Until Sunday, January 29, you can watch films by renowned experimental filmmaker Guli Silberstein. Why does he deal with the theme of violence and how did he get to what he is doing? Read more in DAFilms' exclusive interview. The director has also commented on his films specially for DAFilms.
- Excerpt (2008, Israel, 5 min)
One excerpt from a flow of Internet video news: a family is hiding behind a wall in a neighbourhood in Beirut, Lebanon that turned into a warzone. The compressed video is slowed down, enlarged, and gets a new soundscape. Additional dimensions are revealed in the scene, and a troubling contrast between imagery and content is created, leading to an unsettling affect: anxiety deconstructed into pixels.
- Cut Out (2014, United Kingdom, 4 min)
A radiant, raging girl is shouting and punching the empty space in front of her. She is roughly cut out from her surroundings by a computer algorithm struggling to contain her, and her enemies are erased from the frame. The work is based on a found YouTube video of a Palestinian girl resisting an Israeli soldier. The video-processing highlights the scene as image, both of a fight for freedom, and a media event.
- Disturbdance (2012, United Kingdom, 3 min)
The combination of image manipulation and suggestive music turns journalistic footage of an extreme encounter between a young woman and a group of soldiers into a scene from a dramatic story. If the soldiers weren’t aiming their weapons at her, the choice of shots and the scene’s mood could almost be called romantic...
- Schizophrenic State (2003, Israel, United States, 5 min
A work made while living in New York City. Two images appeared on my TV screen: An Israeli soldier being lynched in Ramallah, a Palestinian child and his father being fired at in Gaza. How can horror be constructed in words? It's a schizophrenic situation - two sides trapped in a cycle of violence. Being in a personal schizophrenic state as well, watching this in New York - not here nor there. Are these images real? Are any images real?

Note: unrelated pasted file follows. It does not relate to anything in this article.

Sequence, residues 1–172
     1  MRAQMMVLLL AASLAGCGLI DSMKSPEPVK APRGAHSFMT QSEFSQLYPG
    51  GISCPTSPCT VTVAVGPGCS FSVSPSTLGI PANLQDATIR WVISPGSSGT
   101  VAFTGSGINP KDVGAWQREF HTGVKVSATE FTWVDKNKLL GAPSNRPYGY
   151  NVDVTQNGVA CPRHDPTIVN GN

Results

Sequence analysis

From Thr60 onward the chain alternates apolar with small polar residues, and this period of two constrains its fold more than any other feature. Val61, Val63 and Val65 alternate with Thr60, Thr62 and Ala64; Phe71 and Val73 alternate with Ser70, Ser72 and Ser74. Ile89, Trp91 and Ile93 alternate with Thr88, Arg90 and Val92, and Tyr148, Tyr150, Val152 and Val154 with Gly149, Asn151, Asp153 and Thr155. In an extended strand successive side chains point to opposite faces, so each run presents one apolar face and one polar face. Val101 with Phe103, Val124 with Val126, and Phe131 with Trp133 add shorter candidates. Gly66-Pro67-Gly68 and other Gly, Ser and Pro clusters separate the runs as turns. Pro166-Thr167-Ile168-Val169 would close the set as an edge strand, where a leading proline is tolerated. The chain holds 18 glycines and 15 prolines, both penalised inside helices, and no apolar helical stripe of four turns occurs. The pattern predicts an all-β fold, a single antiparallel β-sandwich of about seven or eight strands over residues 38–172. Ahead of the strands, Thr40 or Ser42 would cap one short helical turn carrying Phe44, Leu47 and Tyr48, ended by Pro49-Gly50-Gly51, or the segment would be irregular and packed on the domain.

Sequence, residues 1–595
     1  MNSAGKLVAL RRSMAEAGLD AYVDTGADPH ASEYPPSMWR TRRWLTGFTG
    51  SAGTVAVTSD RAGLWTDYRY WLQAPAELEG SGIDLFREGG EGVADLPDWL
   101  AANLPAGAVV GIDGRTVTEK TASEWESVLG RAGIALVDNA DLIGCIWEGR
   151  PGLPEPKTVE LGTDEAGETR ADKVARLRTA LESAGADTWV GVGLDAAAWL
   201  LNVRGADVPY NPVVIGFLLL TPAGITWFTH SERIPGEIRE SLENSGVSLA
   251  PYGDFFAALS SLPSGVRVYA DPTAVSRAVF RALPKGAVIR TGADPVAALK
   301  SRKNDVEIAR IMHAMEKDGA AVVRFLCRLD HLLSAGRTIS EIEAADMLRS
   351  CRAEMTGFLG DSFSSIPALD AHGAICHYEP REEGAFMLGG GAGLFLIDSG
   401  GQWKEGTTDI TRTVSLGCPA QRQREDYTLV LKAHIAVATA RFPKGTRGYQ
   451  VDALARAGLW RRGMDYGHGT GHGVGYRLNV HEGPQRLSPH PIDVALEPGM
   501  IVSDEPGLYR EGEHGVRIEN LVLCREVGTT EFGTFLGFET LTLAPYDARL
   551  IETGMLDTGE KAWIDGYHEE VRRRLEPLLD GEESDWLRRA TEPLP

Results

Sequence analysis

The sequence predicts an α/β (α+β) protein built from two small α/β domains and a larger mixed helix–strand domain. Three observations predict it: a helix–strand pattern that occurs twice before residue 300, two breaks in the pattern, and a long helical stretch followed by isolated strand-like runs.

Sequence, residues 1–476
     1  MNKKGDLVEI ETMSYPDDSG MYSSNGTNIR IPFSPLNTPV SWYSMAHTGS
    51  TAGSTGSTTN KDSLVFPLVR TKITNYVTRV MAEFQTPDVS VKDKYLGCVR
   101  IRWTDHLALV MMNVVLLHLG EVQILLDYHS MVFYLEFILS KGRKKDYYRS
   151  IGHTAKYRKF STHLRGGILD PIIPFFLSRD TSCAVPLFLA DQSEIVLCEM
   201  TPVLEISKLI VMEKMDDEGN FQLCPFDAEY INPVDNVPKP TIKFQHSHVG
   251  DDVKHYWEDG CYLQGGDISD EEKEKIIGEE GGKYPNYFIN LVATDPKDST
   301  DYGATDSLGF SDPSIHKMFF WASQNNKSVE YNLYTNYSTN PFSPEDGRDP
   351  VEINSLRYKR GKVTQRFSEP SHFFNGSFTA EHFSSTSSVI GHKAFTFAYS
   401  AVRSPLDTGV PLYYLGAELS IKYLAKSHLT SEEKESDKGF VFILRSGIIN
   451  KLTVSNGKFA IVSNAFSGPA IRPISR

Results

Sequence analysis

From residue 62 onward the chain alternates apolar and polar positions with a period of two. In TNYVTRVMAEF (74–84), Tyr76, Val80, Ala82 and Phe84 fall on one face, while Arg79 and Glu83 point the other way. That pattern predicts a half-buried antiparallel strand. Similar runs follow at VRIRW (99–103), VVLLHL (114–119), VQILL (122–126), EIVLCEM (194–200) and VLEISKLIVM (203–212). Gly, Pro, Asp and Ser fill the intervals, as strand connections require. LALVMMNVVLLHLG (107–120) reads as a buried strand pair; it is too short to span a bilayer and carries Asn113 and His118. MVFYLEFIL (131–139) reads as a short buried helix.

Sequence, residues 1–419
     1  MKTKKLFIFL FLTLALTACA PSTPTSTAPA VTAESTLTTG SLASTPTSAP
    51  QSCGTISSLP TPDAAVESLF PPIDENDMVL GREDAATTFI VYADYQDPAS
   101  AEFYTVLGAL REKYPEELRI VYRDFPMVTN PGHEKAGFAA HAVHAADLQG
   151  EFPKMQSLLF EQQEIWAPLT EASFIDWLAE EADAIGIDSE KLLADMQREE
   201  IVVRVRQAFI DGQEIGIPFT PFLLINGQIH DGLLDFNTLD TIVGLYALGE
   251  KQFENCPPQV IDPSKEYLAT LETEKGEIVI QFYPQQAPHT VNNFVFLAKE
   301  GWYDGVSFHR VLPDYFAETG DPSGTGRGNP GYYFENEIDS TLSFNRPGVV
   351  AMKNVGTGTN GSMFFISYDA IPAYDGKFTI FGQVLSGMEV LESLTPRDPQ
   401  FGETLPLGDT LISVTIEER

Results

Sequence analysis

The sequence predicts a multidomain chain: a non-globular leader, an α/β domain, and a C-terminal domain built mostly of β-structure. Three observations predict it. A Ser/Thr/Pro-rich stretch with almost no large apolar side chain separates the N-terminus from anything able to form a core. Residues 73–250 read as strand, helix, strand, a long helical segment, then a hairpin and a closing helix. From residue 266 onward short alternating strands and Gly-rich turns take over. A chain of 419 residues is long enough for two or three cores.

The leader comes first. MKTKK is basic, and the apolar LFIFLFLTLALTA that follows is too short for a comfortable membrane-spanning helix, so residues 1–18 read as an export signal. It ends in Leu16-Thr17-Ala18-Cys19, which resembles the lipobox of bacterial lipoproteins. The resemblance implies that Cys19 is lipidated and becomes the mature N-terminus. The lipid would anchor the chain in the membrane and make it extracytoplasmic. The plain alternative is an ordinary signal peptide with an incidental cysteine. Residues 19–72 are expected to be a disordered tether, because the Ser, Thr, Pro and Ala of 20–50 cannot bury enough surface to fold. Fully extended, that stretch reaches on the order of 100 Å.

- Beach (2006, Israel, 5 min)
In a flickering TV image we see a happy family on a beach, as 100 km away a girl frantically runs on a bombed beach in Gaza. The happy family is shown in a rapidly speeding stream of still images, while the girl is filmed in video, gradually taking over the screen, creating a growing impact of shock and horror, until the girl dissolves in TV noise and becomes a news report.
- Re:Commandments (2007, Israel, 5 min)
Hardcore techno music, repetitive loops of images from the 1955 movie ‘The Ten Commandments’, international TV news broadcasts of 2006 Israel-Hezbollah war in Lebanon, and a video documentation of a belly dancer in the desert, become an apocalyptic Middle East horror rave party, addressing Middle East war and myths representations of in Western media, and the fetishisation of images of war and religion in mass media.